”We aren't asking for anything difficult,” Deprez told this website.

”The court can clarify what it means to act with integrity and discretion both during and after their term of office,” Deprez said, ”and finally put an end to the poisoning of the EU image.”

He has helped to organise a written declaration asking for a referral, so far signed by 124 MEPs.

Commission tightens rules after Barrosogate

The European Commission has proposed tighter rules for its members after their term finishes, amid a long-lasting row over Jose Manuel Barroso's job at Goldman Sachs.

Commission edited out Juncker gaffe

A European Commission spokeswoman has defended the practice of editing online transcripts of speeches to remove controversial comments.

Opinion

Requiem for a European dream

The solution to the EU's woes could lie in a return to the pre-1992 version of the bloc, rather than creating an inner circle of European integration.

Magazine

Barrosogate and the revolt of public opinion

Just days after Britain's vote to leave the EU, the bloc was rocked by the news that commission ex-president, Jose Manuel Barroso, had landed a top job with Goldman Sachs.

Ombudsman asks for more details on Barroso case

Emily O'Reilly has asked the EU Commission to say what former commissioners should be allowed to do after they leave office and explain why it took no decision over its former president's controversial new job.

Column

Democracy — is it in crisis or renaissance?

Countries that were once democratising are now moving in the other direction — think of Turkey, Myanmar, Hungary or Tunisia. On the other hand, in autocracies mass mobilisation rarely succeeds in changing political institutions. Think of Belarus, Iran or Algeria.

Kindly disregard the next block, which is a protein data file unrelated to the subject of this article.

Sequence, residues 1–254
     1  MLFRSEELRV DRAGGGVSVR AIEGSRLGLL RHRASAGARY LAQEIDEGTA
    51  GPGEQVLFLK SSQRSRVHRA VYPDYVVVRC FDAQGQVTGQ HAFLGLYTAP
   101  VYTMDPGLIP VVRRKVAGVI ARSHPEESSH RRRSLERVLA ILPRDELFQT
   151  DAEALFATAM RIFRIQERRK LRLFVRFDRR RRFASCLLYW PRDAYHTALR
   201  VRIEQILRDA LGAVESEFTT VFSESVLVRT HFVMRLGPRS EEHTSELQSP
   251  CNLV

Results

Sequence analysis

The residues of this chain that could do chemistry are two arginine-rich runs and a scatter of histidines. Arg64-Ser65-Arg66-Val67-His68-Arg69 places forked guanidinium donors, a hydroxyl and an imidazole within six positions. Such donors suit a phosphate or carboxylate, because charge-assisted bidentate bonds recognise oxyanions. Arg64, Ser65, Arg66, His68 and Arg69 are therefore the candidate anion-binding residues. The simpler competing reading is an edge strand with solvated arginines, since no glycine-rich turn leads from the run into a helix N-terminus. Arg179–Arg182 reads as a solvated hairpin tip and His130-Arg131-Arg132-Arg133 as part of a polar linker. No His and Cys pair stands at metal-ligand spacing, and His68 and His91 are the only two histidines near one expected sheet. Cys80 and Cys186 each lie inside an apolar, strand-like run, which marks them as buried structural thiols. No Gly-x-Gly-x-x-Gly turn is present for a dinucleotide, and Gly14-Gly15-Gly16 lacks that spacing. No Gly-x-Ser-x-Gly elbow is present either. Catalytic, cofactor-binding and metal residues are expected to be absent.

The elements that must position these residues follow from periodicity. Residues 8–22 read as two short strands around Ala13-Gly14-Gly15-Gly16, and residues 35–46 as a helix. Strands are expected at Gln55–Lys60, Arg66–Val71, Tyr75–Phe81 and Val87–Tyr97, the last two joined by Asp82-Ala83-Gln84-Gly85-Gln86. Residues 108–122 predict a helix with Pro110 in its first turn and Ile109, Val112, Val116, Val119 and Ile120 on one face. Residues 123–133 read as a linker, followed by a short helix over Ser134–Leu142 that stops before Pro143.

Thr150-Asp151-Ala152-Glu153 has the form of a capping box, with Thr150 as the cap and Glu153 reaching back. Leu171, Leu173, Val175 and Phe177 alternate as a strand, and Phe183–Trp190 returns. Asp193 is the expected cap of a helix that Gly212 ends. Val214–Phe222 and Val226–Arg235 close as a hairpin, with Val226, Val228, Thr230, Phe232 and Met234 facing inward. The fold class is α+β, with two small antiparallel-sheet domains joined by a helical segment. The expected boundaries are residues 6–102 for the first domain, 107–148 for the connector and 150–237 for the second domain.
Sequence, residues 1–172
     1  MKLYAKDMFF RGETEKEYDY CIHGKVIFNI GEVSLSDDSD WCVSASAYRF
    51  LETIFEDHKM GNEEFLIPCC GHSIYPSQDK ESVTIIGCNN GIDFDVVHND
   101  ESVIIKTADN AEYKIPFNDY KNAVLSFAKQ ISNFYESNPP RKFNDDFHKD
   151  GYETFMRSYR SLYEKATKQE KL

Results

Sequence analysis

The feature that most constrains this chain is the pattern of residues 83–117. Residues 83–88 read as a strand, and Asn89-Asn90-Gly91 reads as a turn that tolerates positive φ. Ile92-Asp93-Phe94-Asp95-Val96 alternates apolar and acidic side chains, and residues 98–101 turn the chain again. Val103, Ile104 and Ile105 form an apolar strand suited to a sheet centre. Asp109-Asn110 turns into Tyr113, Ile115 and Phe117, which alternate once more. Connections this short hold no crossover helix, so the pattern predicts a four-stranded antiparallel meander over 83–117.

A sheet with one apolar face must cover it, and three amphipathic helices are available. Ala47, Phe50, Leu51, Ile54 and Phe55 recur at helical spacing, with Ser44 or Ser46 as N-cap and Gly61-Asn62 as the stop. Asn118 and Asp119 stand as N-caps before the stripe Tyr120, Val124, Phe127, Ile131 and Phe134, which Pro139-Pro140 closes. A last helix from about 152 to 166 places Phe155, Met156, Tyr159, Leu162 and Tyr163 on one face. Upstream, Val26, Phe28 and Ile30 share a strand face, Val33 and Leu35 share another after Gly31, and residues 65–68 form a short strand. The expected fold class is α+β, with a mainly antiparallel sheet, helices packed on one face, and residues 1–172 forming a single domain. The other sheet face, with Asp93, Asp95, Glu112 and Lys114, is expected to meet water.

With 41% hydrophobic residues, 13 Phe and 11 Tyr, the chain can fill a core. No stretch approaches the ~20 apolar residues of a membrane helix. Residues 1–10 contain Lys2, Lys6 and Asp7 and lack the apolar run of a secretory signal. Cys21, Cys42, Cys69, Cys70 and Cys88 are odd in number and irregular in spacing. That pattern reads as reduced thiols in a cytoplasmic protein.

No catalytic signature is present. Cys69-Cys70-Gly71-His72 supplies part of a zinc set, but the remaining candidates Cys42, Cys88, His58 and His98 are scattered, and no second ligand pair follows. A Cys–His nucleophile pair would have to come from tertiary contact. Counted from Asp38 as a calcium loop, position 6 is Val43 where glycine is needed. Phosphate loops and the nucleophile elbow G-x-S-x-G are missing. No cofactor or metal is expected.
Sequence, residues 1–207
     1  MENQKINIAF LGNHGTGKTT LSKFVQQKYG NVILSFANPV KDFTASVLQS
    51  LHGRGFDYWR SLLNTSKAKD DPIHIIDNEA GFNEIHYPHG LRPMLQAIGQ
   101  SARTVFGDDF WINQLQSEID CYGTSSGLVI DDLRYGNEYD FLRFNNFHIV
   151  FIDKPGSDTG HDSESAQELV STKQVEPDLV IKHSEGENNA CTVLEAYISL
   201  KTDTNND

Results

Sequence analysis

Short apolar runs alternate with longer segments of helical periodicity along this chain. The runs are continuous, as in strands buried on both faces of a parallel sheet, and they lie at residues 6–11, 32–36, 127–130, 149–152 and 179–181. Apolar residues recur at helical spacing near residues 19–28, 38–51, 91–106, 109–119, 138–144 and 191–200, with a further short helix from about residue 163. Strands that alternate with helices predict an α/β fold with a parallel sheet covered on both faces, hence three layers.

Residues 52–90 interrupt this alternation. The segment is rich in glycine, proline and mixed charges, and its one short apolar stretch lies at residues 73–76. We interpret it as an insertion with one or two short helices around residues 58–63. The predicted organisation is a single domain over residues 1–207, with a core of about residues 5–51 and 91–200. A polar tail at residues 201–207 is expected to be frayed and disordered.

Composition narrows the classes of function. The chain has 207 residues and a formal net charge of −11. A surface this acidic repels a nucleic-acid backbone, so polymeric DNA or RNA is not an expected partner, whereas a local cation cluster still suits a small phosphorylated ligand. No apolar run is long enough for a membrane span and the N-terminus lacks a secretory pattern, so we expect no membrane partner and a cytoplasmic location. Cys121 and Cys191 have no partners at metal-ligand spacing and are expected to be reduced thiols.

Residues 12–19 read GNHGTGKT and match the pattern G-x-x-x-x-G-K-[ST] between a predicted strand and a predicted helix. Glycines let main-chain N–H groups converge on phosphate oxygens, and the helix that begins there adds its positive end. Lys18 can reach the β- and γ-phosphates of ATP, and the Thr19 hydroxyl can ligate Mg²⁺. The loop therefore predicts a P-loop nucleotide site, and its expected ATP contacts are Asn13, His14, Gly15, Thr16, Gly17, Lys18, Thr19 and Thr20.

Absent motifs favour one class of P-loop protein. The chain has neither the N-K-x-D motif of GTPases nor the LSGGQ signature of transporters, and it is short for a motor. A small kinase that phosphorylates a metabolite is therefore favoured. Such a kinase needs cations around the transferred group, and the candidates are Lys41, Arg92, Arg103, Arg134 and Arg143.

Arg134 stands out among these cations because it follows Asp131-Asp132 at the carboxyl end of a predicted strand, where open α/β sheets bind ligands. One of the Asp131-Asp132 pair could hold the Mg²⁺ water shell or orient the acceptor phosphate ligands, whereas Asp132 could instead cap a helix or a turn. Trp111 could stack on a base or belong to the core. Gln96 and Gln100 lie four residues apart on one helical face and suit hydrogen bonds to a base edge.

Latest News

  1. Hungary blames conspiracy for EU corruption rating
  2. Democracy — is it in crisis or renaissance?
  3. EU lobby register still riddled with errors
  4. Polish backpedal on windfarms put EU funds at risk
  5. More money, more problems in EU answer to US green subsidies
  6. Study: EU electricity transition sped into high gear in 2022
  7. Russia and China weaponised pandemic to sow distrust, MEPs hear
  8. Frontex to spend €100m on returning migrants this year

Stakeholders' Highlights

  1. Party of the European LeftJOB ALERT - Seeking a Communications Manager (FT) for our Brussels office!
  2. European Parliamentary Forum for Sexual & Reproductive Rights (EPF)Launch of the EPF Contraception Policy Atlas Europe 2023. 8th February. Register now.
  3. Europan Patent OfficeHydrogen patents for a clean energy future: A global trend analysis of innovation along hydrogen value chains
  4. Forum EuropeConnecting the World from the Skies calls for global cooperation in NTN rollout
  5. EFBWWCouncil issues disappointing position ignoring the threats posed by asbestos
  6. Nordic Council of MinistersLarge Nordic youth delegation at COP15 biodiversity summit in Montreal

Stakeholders' Highlights

  1. Nordic Council of MinistersCOP27: Food systems transformation for climate action
  2. Nordic Council of MinistersThe Nordic Region and the African Union urge the COP27 to talk about gender equality
  3. Friedrich Naumann Foundation European DialogueGender x Geopolitics: Shaping an Inclusive Foreign Security Policy for Europe
  4. Obama FoundationThe Obama Foundation Opens Applications for its Leaders Program in Europe
  5. EFBWW – EFBH – FETBBA lot more needs to be done to better protect construction workers from asbestos
  6. European Committee of the RegionsRe-Watch EURegions Week 2022

Join EUobserver

Support quality EU news

Join us